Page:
Small-cap value is an investment strategy that, over long periods, has delivered prolific results. But that doesn’t mean that it always outperforms. Every investment strategy can and does succumb to periods of underperformance.
Whether investors are trading on greater stability in commodity prices or a less “hawkish” Federal Reserve, or they’re simply reallocating en masse to less expensive assets, emerging markets (EM) are soaring. But with virtually all EM assets rallying, which one makes sense for the current environment?
Despite the volatility and downdraft experienced over the last nine months, we believe Japan represents one of the best opportunities among global equity markets over the coming three to five years.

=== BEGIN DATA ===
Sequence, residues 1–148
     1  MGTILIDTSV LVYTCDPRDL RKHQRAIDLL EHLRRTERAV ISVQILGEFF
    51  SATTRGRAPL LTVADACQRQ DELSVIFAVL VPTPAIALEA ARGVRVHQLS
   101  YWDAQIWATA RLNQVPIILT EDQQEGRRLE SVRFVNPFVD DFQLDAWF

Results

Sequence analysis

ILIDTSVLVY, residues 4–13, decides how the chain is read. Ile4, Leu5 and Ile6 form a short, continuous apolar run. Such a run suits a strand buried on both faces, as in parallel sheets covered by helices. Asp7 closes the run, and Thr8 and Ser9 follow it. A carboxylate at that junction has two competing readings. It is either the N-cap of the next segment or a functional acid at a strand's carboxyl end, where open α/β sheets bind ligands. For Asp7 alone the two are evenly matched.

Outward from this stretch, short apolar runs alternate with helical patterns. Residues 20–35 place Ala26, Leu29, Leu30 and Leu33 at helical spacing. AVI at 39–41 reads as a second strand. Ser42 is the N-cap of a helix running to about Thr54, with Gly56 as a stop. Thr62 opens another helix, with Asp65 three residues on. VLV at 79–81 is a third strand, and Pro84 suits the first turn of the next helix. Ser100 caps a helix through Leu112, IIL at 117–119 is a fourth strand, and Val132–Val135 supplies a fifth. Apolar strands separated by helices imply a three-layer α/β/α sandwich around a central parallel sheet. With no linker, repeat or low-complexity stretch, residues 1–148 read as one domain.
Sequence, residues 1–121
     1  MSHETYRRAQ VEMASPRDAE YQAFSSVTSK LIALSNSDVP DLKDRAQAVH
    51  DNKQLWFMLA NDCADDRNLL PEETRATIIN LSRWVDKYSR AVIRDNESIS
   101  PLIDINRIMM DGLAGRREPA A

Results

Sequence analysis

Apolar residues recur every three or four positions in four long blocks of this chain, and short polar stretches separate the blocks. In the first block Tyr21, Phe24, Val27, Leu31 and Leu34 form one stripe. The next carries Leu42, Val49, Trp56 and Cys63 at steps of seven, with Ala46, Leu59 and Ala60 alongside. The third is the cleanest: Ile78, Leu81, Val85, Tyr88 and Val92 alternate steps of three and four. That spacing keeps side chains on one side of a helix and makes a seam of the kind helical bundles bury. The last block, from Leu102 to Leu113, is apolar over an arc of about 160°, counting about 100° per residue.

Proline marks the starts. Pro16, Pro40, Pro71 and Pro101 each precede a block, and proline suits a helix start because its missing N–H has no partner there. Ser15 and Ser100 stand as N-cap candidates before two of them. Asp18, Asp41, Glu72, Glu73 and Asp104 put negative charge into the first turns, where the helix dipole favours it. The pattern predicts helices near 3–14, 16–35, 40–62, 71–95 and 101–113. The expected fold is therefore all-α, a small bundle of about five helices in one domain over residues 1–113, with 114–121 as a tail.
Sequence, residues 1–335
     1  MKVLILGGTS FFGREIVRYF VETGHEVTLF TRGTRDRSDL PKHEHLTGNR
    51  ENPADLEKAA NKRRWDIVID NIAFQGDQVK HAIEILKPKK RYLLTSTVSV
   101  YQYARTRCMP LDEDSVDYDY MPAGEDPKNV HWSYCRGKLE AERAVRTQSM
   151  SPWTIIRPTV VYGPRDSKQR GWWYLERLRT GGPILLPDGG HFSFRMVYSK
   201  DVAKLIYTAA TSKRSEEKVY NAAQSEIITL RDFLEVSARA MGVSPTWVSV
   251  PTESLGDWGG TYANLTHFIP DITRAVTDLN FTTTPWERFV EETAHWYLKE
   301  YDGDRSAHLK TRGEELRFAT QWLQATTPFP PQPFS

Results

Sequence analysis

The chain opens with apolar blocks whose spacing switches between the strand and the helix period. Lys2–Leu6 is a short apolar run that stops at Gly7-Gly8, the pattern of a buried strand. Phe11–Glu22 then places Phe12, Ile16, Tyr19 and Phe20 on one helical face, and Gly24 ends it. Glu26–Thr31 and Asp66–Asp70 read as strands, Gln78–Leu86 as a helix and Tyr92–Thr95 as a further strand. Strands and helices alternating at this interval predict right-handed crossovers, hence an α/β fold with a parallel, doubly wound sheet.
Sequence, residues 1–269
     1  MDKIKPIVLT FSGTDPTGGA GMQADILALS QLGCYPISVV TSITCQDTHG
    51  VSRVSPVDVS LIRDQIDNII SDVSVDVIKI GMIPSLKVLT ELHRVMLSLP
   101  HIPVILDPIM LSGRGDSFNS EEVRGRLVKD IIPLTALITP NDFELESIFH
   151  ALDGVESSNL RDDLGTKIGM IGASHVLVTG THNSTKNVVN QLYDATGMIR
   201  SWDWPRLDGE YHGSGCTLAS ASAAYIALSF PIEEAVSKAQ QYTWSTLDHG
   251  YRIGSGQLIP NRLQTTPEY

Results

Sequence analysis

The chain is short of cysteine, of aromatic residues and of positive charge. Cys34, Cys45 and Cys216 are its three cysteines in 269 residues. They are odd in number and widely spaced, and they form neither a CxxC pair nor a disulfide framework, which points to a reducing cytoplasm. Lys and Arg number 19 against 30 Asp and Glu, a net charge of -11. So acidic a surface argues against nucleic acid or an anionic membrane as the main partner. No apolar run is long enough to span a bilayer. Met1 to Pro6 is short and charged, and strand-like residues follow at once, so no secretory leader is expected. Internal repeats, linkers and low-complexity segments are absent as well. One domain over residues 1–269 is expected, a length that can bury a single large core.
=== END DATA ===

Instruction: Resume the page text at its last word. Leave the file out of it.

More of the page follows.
Trading activity in the U.S. corporate bond market thus far in 2016 has certainly resembled a roller-coaster ride. Indeed, two distinct patterns have been on display, as early weakness has given way to a newfound trend of improvement. This volatility has highlighted the notion that credit quality will remain an active consideration for the fixed income investor.
On June 20, 2014, the price per barrel of Brent crude oil was more than $114. Since that time, we’ve seen a massive decline, to the point that the price on April 20, 2016—nearly two full years later—was hovering in the $40 to $45 range.